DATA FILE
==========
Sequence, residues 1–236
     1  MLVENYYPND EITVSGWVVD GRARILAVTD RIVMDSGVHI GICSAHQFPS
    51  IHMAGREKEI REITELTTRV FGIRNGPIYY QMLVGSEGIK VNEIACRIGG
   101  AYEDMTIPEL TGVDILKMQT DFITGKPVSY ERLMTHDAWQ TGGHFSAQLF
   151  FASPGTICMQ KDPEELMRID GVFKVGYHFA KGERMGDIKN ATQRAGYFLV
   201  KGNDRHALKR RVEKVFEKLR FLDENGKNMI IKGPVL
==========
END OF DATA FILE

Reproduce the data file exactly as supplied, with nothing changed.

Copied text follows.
Sequence, residues 1–236
     1  MLVENYYPND EITVSGWVVD GRARILAVTD RIVMDSGVHI GICSAHQFPS
    51  IHMAGREKEI REITELTTRV FGIRNGPIYY QMLVGSEGIK VNEIACRIGG
   101  AYEDMTIPEL TGVDILKMQT DFITGKPVSY ERLMTHDAWQ TGGHFSAQLF
   151  FASPGTICMQ KDPEELMRID GVFKVGYHFA KGERMGDIKN ATQRAGYFLV
   201  KGNDRHALKR RVEKVFEKLR FLDENGKNMI IKGPVL